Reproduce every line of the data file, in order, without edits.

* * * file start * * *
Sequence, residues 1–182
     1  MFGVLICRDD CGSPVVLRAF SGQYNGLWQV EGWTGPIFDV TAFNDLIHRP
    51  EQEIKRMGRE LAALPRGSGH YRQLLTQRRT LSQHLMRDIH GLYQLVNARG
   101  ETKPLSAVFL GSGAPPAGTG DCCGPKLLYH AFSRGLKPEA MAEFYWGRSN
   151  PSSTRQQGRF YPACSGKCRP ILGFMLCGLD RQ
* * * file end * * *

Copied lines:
Sequence, residues 1–182
     1  MFGVLICRDD CGSPVVLRAF SGQYNGLWQV EGWTGPIFDV TAFNDLIHRP
    51  EQEIKRMGRE LAALPRGSGH YRQLLTQRRT LSQHLMRDIH GLYQLVNARG
   101  ETKPLSAVFL GSGAPPAGTG DCCGPKLLYH AFSRGLKPEA MAEFYWGRSN
   151  PSSTRQQGRF YPACSGKCRP ILGFMLCGLD RQ